Boat Rental Marketplace Defeats Lawsuit Over Offline Boating Accident–In re Chaves

A rare case analyzing Section 230’s intersection with admiralty law.

The case involves GetMyBoat, an online marketplace for boat rentals. Listings are free, but GetMyBoat takes a cut of any booked transactions. A young woman, Lindsey Faith Partridge, used GMB to rent a boat from Chaves. A boating accident led to Lindsey’s tragic death. Chaves sought a declaration of non-liability (an “exoneration”), which prompted Lindsey’s estate to sue GMB as well. GMB defeats the estate’s claim on Section 230 and other grounds.

ICS Provider. “Here is it undisputed that GMB is ‘an online venue on which Vessel owners . . . post their vessels for rental, lease, or charter by use of the website.’”

Third-Party Content. “It is undisputed that Petitioner [Chaves] ‘was a member of GMB, and utilized the venue to offer his vessel for lease, rental, or charter.’”

Publisher/Speaker Claim. The estate claimed that GMB:

enters into membership agreements with boat owners; wrote a contract for membership between boat owners and renters and between itself and members/renters; GMB is the only party in the transaction that provides the contract for rental; and has its own secure payment system wherein it collects money for the rental and then disperses a portion of it to the member after the rental. Get My Boat acts as an arbitrator when its members and renters have a disagreement. And as is evident in particular from this case, Get My Boat uses its authority to hold funds from members while it conducts investigations into certain claims.

It sounds like the estate is trying to navigate into the HomeAway Section 230 exception for booking marketplace transactions. Yet, remarkably, the court doesn’t cite the HomeAway case at all. Instead, the court adopts GMB’s analogy/narrative, which makes this an easy defense win:

It is clear to the Court that GMB does, in fact, meet the third element required to establish immunity under the CDA…GMB had no right of disposition of Petitioner Chaves’ vessel. It had no right to do anything material with the vessel other than to allow Chaves to post the vessel for rent on GMB’s website. And GMB does not receive consideration for rental of the vessel; rather, it receives a modest service or subscription fee. In effect, GMB acts as a conduit, providing the tools to, in this case, put Chaves in touch with Ms. Partridge regarding the rental of Chaves’ vessel.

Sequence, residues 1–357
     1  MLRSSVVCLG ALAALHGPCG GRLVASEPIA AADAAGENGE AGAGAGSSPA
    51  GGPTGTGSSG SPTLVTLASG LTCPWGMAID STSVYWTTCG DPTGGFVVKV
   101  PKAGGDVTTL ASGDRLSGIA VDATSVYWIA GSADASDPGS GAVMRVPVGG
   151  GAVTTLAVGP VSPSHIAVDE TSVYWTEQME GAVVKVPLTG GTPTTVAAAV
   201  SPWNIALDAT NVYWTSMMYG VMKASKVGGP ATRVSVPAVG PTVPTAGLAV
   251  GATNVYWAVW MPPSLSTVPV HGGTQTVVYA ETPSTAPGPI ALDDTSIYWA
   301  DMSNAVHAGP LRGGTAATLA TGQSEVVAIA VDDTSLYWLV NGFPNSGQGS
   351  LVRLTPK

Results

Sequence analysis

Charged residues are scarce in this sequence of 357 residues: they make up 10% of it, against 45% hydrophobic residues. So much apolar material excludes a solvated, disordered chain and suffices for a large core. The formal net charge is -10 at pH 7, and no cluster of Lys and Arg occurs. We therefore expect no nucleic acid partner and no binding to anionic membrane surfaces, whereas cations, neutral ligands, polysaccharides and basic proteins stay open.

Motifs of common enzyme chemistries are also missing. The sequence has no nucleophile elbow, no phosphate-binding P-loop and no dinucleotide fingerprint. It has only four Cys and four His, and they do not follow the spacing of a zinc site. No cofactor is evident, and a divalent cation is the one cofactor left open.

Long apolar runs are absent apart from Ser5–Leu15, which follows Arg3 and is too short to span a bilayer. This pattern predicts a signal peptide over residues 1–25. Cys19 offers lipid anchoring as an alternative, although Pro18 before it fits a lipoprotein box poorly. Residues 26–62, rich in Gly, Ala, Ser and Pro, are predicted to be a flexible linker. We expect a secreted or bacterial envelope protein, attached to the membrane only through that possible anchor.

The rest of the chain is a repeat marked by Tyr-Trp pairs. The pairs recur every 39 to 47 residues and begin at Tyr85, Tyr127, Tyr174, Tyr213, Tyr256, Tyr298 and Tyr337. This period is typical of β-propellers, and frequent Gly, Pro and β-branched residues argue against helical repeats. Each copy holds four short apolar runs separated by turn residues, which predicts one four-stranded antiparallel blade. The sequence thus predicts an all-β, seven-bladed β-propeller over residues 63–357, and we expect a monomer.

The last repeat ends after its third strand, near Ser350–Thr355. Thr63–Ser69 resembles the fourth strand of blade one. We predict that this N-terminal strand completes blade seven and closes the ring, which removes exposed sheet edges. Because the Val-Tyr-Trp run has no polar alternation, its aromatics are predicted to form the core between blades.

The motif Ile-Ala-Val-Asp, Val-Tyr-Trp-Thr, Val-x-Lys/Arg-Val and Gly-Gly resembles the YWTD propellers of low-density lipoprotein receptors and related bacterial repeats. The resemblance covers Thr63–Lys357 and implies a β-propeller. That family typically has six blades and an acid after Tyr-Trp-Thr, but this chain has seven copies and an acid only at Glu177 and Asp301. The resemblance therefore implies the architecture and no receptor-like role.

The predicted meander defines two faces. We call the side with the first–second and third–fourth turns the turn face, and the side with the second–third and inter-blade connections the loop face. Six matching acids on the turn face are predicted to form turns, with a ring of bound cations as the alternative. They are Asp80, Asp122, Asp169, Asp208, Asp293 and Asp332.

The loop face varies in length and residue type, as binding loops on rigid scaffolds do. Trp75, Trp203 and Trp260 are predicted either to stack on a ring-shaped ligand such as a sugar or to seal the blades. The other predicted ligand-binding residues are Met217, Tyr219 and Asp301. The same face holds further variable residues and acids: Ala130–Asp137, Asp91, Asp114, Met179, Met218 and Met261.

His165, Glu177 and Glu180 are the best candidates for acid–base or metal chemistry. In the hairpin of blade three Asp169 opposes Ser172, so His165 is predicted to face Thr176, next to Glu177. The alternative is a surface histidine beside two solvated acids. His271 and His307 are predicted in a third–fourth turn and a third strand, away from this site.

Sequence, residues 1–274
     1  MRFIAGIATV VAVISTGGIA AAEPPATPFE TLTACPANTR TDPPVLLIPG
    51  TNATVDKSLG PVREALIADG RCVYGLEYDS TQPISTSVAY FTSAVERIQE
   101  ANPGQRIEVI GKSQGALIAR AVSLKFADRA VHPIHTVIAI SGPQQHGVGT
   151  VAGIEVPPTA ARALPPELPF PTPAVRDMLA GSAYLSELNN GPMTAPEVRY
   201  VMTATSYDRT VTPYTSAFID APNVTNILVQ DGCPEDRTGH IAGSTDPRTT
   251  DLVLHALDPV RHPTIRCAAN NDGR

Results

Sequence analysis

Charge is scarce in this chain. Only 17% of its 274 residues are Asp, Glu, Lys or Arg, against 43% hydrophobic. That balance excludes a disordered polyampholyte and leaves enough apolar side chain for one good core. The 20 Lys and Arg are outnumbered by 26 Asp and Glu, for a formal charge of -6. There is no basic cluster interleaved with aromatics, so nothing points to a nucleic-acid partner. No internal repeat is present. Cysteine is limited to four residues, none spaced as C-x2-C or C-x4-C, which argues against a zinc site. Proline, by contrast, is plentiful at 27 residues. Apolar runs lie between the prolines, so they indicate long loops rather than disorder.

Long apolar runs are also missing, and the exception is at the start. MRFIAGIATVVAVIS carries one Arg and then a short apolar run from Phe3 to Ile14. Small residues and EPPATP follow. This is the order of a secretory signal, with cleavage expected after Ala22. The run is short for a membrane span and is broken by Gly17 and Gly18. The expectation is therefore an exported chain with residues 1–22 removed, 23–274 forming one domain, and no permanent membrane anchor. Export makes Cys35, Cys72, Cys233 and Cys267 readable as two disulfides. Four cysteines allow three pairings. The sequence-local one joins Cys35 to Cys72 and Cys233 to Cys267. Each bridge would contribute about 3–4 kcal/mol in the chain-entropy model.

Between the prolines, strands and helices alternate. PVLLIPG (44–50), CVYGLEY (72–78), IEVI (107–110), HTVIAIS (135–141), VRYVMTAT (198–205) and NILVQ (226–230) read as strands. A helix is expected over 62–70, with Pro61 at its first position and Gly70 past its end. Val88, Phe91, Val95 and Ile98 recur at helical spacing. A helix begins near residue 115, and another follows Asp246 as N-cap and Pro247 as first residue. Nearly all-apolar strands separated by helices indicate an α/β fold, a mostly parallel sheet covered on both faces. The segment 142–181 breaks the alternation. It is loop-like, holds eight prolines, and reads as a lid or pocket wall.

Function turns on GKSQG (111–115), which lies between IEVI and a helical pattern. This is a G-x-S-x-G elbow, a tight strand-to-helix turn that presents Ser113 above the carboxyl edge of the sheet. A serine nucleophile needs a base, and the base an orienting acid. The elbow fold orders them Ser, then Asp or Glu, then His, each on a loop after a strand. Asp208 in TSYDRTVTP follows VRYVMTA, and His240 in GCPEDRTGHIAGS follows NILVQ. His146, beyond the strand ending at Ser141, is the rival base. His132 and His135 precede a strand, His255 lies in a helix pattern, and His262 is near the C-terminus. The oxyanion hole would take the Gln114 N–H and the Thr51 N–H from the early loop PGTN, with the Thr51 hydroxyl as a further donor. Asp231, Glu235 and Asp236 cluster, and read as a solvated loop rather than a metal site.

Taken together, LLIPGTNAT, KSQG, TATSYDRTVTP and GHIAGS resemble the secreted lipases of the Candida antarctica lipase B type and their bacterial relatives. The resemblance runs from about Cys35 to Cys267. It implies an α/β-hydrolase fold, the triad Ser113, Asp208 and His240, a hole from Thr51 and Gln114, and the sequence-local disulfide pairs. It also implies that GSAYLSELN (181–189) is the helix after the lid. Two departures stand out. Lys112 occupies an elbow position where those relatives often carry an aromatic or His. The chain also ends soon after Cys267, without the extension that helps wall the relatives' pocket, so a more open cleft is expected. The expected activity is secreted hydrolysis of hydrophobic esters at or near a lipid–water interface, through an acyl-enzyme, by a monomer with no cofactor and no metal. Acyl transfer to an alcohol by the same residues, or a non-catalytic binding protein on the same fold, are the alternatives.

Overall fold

The court cites to L.H. v. Marriott (a case involving Craigslist’s classified ads service, not an online marketplace) and La Park La Brea v. Airbnb (a case that predates the HomeAway case).

As usual, I cringe at the court’s “conduit” language. As the court make clear, GMB undertakes a variety of trust and safety efforts, so it’s not a typical communications “conduit.”

Nevertheless, the court correctly recognizes that GMB’s involvement in the offline boating accident was limited to enabling the online interactions between the boat owner and renter. In that sense, this case is a natural follow-on to the uncited Doe v. MySpace case from 2008 and its progeny (assuming the Doe case is still good law in the Fifth Circuit, which isn’t guaranteed). It isn’t clear if the estate tried some of the more modern Section 230 workarounds, such as negligent design.

As a final argument, the estate apparently tried to position Section 230 as purely about liability for obscene speech. The court correctly rejects this:

upon review of the large number of cases in GMB’s papers and upon the Court’s own independent legal research, it is very clear that the CDA is being applied by many courts outside of the obscene speech context…Under the facts of this case, placing liability upon GMB would clearly have a chilling effect upon service providers like GMB.

This leads the court to summarize:

GMB is a service provider that runs a website which allows the prospective renter of a vessel to get in touch with the owner of the vessel. And the few ancillary services GMB provides do not serve to remove GMB from the protection of the CDA. To hold GMB liable under the facts of this case would clearly violate the provisions of the CDA.